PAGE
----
5. What’s with the compass thing?
When you begin your work session, you see the IFWE compass and the apps you have access to. The compass has, from the top and going counterclockwise (anti-clockwise): social and collaborative, 3D modeling, simulation, and information retrieval. Apps appear in a pane on the left of the window, and you toggle between apps as you work. You don’t leave this environment, whether you’re working in CATIA or Abaqus Dynamic Simulation, for example.
What DS hasn’t talked a lot about is the tagging and indexing that underly the search and retrieval capabilities –called 6W for Who, What, Where, Why, When and hoW– for structured and unstructured information. If you’re interested, try this video. The few seconds on tagging and indexing, at around 3:20 in the video, are worth a look.
6. What ever happened to SmarTeam?
It’s still very much alive, thank you. What is completely lost in DS’ current messaging is that the brands are vibrant, in and of themselves, especially the smaller ones that don’t get a lot of visibility in any case. Andy Kalambi, CEO of ENOVIA, said that ENOVIA and its sub-brands have 1.3 million users today, at 16,000 customers. Of these, 19% are Smart and, Mr. Kalambi said, this number is still growing.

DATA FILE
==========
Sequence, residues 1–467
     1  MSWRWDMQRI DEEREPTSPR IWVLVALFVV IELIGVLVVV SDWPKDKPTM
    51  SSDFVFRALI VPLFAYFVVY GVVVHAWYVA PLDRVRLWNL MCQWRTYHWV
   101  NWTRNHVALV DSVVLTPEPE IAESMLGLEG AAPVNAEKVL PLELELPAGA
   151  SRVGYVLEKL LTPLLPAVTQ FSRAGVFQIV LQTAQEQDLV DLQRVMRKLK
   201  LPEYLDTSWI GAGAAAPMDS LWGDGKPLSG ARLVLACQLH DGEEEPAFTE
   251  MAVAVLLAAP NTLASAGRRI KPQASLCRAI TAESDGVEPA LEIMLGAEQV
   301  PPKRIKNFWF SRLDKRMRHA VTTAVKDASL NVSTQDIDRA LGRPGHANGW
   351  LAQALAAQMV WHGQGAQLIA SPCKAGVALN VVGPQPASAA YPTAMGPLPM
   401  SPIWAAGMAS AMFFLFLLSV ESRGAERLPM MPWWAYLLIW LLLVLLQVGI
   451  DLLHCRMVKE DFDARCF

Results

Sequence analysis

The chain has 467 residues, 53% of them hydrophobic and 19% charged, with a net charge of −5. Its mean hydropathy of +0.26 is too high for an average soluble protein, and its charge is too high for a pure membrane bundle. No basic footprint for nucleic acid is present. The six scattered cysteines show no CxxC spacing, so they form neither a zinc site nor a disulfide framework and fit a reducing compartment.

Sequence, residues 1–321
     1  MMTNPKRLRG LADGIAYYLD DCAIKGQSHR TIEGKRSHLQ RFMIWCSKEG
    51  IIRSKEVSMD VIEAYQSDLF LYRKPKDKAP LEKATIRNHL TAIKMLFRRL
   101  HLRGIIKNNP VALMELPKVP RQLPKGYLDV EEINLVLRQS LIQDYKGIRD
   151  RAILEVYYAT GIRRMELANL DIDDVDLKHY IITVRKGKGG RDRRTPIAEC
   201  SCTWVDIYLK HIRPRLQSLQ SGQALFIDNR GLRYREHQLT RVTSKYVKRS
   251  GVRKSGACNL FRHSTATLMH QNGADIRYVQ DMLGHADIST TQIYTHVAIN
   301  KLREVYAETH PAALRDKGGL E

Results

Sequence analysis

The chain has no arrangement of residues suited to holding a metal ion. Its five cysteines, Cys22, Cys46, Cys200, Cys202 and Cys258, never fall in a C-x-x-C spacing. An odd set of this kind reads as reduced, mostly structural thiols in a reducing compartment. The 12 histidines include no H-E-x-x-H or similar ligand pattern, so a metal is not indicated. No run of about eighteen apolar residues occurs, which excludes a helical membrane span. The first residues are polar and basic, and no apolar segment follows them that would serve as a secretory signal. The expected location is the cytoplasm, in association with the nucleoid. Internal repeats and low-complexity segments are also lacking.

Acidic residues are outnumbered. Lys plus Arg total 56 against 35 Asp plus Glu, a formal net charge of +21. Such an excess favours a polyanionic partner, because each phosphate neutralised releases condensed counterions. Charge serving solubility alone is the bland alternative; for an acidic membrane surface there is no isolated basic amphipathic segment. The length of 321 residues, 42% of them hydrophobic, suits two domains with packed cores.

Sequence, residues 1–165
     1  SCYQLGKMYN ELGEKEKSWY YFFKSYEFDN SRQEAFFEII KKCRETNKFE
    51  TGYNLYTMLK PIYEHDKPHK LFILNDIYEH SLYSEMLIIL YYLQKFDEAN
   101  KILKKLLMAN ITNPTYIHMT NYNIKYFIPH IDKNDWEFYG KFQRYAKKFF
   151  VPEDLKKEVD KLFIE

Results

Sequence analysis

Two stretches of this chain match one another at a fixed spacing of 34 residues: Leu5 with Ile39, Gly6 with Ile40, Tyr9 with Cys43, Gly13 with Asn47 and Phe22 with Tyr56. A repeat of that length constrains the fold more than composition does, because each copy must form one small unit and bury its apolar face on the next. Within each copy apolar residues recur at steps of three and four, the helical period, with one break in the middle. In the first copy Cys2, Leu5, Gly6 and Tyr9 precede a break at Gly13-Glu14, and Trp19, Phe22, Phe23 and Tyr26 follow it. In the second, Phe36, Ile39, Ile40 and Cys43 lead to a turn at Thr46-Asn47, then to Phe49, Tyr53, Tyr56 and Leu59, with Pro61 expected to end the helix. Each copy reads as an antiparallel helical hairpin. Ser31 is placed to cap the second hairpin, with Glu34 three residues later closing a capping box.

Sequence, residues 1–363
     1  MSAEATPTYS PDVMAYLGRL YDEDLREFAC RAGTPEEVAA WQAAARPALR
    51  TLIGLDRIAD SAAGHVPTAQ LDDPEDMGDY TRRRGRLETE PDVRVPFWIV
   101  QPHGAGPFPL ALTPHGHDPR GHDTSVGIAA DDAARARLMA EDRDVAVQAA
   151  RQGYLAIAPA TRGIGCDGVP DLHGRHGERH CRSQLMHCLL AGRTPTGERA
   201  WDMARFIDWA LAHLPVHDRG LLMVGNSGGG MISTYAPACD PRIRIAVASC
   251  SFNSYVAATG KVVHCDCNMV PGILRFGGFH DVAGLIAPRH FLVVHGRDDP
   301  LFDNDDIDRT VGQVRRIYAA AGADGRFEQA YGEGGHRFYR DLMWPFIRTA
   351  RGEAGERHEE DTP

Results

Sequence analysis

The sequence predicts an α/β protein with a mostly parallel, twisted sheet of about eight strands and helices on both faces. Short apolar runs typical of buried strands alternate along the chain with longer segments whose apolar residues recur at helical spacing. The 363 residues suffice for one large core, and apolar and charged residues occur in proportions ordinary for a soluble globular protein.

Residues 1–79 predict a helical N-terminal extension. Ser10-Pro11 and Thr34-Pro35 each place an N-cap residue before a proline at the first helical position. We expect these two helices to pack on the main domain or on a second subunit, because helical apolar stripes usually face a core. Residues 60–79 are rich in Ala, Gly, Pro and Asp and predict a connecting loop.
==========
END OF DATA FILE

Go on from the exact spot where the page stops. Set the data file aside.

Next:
7. I’m in automotive; what do I gain from DS’s entry into markets like financial services? Doesn’t it take resources away from what I care most about?
We’re all self-centered, if we’re being honest. We can see, intellectually, that there may be benefit for us from research and development in adjacent industries (automotive and aerospace; shipbuilding and plant; etc.) but DS is branching out into areas that don’t seem obvious to its core constituencies. But think about two things: first, many of these new industries come to DS through acquisitions, such as mining/natural resources via Gemcom. Those teams weren’t solving automotive issues before acquisition, so aren’t being diverted in any way. Second, DS’ expansion informs everything it does for its long-time customers. Big data, consumer-appropriate visualizations, the 6W tagging — all likely came from acquisitions that, at first glance, had little to do with DS’ core verticals.
During my visit, I learned about the merchandising and financial/business services solutions and can see why DS wants to go after these opportunities — and saw why someone in automotive should be interested in how these solutions develop. Take merchandising: buyers are picky. They want their shopping experience to fit a certain mold: you’ll never buy something really expensive at Walmart nor would you go into a high-end retailer like Nordstrom for a $2 bottle of shampoo. By looking at how a product is placed on shelves, gauging its visual appeal, and examining how a store is configured, packaging designers can optimize the outside of the product to appeal to its target buyer. This has applicability in automotive: a Chevy showroom (no offense, GM) isn’t the swankiest; should it be? How should the experience of buying a Chevy compare to that of buying a BMW?
Financial services seems, at this point, to be learning more from other industries than it is giving back. But think about its issues: massive amounts of data, regulation, a young and churning workforce. Who knows what will come out of the solutions for that market that may inform others?
8. I still don’t buy the EXPERIENCE thing. What else have you got?